Study Finds That the Gloomy Octopus Likes to Throw Things
A new study shows that one species of octopus tosses debris, sometimes at members of their own species and other fish.
Violence is never the answer. But a frustrated toss of a soft object—or some ocean floor debris—can be incredibly cathartic. Just ask the gloomy octopus.
A study published last week in the journal PLOS ONE found the gloomy octopus (aka Octopus tetricus, or the common Sydney octopus), a largely antisocial creature native to the waters of Australia and New Zealand, will sometimes "throw" objects through the water.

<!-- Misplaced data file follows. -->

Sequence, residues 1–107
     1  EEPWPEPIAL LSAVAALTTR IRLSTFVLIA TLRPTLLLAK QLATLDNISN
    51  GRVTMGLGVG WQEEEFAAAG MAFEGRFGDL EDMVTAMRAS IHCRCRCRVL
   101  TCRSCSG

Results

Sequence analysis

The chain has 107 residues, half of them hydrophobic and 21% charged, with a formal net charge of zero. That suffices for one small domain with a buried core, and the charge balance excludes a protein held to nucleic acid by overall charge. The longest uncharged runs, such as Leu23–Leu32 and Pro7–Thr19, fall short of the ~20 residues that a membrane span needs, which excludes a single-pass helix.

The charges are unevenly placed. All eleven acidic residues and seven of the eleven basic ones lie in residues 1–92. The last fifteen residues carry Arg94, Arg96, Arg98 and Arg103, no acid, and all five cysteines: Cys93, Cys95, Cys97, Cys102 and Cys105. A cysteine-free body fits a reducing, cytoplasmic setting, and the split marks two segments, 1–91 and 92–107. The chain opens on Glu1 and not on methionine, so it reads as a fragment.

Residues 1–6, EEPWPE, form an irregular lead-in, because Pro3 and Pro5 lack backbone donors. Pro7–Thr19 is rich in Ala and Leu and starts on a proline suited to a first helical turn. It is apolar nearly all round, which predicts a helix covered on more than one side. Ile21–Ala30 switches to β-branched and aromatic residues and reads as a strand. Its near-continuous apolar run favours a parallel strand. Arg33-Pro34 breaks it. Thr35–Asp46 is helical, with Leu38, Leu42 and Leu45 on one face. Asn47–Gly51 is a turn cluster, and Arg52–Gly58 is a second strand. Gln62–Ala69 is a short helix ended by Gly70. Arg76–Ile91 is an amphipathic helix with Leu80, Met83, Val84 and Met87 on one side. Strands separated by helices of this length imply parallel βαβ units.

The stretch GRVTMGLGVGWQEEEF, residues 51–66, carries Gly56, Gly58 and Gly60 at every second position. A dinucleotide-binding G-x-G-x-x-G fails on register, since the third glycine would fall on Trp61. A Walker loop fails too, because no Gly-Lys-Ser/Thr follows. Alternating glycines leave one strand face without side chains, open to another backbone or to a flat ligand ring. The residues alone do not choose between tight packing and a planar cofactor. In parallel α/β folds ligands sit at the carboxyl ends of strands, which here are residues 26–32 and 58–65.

Throughout the study, thrown shells, algae, silt, and other materials occasionally made contact with another octopus or a passing (and presumably innocent) fish. In fact, 33% of the total observed throws (which are more like expulsions of water that propel accompany marine material) seemed to be aimed at neighboring octopi, those movements boasting peculiarities that led researchers to believe they were, indeed, targeted hits.
Photo: PLOS ONE
It seems that the gloomy octopus has officially joined a small but mighty group of animals known for their throwing arm—or in this case, arms. Consider this the perfect story for a moody Monday.
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